Impiombato: Has the reaction of the Chinese authorities been milder than people might have expected so far, and why that might be the case?

Xu: So far, many students have been arrested. Some have been released. Some have been sent to quarantine centres. The security apparatus seems to be struggling to keep up with suppressing the protests. For example, we are seeing a lot of recruitment ads for auxiliary police. It seems like police officers have been playing catch-up. In Shanghai, police officers are getting onto subways and checking people’s phones, one by one, to see if they have any anti-revolutionary material on their phones.

We don’t know yet what’s going to happen, because this is developing. We don’t yet know how the communist party at the highest level is interpreting the events. It’s likely that foreign forces would be blamed again, as though the Chinese people cannot possibly have their own agency and cannot possibly want a different government. I wouldn’t be surprised if, in a month or two months’ time, all the protesters would be accused of colluding with the CIA.

Personally, I’m really, really afraid for the protesters because they’re really brave, but a lot of them are not wearing a mask. They’re on the front line, they’re not really thinking about their personal safety, and they’re getting into these physical struggles with the police. Personally, I wish protesters could do more to protect themselves and their faces. But again, people have different opinions on this.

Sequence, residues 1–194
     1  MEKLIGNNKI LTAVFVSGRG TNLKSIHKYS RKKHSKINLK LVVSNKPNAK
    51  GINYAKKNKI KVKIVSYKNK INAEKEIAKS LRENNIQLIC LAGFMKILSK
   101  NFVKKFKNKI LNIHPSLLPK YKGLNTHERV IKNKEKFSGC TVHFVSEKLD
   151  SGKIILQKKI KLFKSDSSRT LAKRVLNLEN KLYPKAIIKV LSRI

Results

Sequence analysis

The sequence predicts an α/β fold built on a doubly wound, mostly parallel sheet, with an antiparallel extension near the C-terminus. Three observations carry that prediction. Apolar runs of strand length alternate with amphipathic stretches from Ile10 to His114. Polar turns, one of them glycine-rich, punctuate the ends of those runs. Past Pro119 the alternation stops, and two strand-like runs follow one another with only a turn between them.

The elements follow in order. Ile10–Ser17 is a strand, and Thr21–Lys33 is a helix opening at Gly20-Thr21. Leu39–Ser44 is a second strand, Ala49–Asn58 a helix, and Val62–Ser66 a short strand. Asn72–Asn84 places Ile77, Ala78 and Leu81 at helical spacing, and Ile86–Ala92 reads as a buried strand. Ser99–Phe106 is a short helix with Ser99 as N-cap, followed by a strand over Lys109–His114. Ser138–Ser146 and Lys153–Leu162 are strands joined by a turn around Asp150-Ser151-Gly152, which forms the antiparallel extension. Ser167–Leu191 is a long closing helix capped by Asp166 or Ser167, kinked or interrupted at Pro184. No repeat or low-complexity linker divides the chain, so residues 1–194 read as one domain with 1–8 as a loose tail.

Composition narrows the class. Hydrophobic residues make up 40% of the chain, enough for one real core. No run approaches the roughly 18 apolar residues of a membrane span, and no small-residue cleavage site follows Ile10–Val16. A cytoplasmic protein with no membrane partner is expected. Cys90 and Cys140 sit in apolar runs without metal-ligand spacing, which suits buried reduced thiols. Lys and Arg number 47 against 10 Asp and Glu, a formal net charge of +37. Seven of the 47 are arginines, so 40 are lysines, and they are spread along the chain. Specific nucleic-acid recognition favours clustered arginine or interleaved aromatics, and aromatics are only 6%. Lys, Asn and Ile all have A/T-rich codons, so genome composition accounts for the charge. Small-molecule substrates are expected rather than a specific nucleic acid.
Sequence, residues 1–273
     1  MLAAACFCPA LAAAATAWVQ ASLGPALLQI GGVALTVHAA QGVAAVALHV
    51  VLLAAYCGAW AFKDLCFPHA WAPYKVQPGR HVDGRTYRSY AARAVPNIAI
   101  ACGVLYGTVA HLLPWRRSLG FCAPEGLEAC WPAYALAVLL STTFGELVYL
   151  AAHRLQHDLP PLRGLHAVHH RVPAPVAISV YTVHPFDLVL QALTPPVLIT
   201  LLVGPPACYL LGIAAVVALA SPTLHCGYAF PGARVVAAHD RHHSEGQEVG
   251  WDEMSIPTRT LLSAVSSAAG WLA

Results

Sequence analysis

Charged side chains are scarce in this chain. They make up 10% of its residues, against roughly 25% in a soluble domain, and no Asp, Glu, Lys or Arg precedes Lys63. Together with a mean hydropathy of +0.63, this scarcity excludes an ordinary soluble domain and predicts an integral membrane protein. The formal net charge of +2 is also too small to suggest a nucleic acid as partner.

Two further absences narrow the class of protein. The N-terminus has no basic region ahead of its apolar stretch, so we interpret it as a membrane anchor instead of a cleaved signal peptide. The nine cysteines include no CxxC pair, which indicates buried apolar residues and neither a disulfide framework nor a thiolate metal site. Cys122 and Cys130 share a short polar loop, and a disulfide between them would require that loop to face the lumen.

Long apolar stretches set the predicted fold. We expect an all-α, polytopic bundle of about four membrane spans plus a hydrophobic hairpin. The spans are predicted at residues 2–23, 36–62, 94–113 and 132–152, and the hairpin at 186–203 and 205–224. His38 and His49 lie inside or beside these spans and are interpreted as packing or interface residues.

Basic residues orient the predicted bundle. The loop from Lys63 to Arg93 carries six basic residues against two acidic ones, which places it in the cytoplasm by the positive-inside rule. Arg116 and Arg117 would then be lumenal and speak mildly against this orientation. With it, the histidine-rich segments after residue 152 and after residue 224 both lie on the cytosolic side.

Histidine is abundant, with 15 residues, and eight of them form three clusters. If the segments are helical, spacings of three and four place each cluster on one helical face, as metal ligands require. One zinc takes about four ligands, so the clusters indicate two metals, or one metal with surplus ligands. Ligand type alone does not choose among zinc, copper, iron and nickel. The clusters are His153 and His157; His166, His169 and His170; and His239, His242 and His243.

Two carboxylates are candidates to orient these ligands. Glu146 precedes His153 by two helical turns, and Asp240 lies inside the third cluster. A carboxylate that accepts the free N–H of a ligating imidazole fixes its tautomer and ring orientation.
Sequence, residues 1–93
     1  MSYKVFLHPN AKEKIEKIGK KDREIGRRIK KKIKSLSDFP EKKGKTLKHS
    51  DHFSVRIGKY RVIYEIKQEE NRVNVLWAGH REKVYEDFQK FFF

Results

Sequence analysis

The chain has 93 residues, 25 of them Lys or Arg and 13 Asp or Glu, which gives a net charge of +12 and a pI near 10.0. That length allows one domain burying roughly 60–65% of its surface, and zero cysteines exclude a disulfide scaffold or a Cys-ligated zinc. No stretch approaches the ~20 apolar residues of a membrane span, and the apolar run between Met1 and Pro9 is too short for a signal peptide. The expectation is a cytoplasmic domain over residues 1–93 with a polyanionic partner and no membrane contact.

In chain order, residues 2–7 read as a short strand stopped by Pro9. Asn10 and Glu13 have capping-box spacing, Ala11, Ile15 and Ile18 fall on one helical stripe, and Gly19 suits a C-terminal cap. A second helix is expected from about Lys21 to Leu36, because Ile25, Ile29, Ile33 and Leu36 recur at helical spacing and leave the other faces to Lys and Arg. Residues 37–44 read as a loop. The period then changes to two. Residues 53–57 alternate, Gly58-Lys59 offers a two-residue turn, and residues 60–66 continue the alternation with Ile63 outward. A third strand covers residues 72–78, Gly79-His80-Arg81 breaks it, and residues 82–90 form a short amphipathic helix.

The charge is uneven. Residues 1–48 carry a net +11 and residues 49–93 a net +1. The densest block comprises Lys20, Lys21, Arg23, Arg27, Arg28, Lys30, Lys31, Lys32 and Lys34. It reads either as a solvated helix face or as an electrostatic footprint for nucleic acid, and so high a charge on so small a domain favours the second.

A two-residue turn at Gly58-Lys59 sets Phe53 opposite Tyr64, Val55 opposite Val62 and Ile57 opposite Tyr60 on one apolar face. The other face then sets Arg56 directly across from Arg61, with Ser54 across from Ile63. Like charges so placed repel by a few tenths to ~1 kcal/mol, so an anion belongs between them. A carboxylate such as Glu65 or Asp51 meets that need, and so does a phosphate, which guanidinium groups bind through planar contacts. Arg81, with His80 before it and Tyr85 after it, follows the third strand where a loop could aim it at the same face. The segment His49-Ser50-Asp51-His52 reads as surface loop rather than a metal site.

Impiombato: I had been thinking about this as well. There are several groups within China that are so used to being persecuted by the party-state that they would be so extremely careful with their identity. I think because this movement is broader than that, and it involves people who haven’t had that experience of community organising, they maybe don’t fully grasp the extent of the consequences.

Xu: I totally agree with you, Daria. People are inexperienced with activism and with how far the communist party would go to surveil and crack down. All over the world, Chinese students are organising protests to echo what’s happening in China. There are these large group chats where people are organising. Last week, I suggested to a group of students that they should try to wear a mask and protect themselves. Several people challenged my viewpoint and said if people in China are not wearing a mask, why would people outside China be worried that they’re being surveilled? They find it quite lame. Maybe compared to them I’m just too old and conservative now. I don’t know.

Impiombato: They’re just going all in. Maybe they feel there’s not much to lose at this point?

Xu: Yeah, they’re going all in.

Impiombato: Last question to wrap our conversation up: Do you think this movement is going anywhere? Is there any chance of change? Is the government going to loosen the Covid policies? Is it going to give in to any other requests?

Xu: The most honest answer I can give you is that I don’t know. Two weeks ago, if you asked me or asked any of the protesters—is it possible that Chinese people would be so fed up with Covid zero and with Xi Jinping that they would take to the streets to protest? Everyone would tell you that you’re crazy. But now the protests have happened and it has spread like wildfire.

Maybe there’s something there that everybody has just missed. Maybe the anger and frustration will be enough to cause real political change. Some people are speculating that maybe there are factional differences within the communist party, which is why the protests so far have been largely tolerated. And that’s possible too. We just don’t know.

I wish the protestors would gain something. I wish there would be significant changes and, at the very least, the Covid restrictions would drop. We don’t know, but I wish the protesters all the best.